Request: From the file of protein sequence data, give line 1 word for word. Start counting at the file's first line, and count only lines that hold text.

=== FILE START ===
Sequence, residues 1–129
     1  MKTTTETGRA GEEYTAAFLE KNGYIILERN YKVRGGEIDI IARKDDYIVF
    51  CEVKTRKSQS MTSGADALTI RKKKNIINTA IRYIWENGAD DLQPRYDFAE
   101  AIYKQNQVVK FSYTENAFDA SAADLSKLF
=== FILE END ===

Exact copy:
Sequence, residues 1–129